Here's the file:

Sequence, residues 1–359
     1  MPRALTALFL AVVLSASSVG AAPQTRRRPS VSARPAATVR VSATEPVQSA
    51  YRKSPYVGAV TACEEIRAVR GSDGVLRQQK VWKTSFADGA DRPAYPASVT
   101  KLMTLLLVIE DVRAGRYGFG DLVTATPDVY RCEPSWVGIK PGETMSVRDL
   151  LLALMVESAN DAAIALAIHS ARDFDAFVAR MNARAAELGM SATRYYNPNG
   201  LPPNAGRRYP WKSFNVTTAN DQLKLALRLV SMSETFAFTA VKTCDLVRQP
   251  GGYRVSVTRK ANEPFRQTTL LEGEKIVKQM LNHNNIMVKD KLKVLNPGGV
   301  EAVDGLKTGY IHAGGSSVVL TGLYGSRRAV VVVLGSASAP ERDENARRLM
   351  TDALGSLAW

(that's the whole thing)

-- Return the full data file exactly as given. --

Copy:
Sequence, residues 1–359
     1  MPRALTALFL AVVLSASSVG AAPQTRRRPS VSARPAATVR VSATEPVQSA
    51  YRKSPYVGAV TACEEIRAVR GSDGVLRQQK VWKTSFADGA DRPAYPASVT
   101  KLMTLLLVIE DVRAGRYGFG DLVTATPDVY RCEPSWVGIK PGETMSVRDL
   151  LLALMVESAN DAAIALAIHS ARDFDAFVAR MNARAAELGM SATRYYNPNG
   201  LPPNAGRRYP WKSFNVTTAN DQLKLALRLV SMSETFAFTA VKTCDLVRQP
   251  GGYRVSVTRK ANEPFRQTTL LEGEKIVKQM LNHNNIMVKD KLKVLNPGGV
   301  EAVDGLKTGY IHAGGSSVVL TGLYGSRRAV VVVLGSASAP ERDENARRLM
   351  TDALGSLAW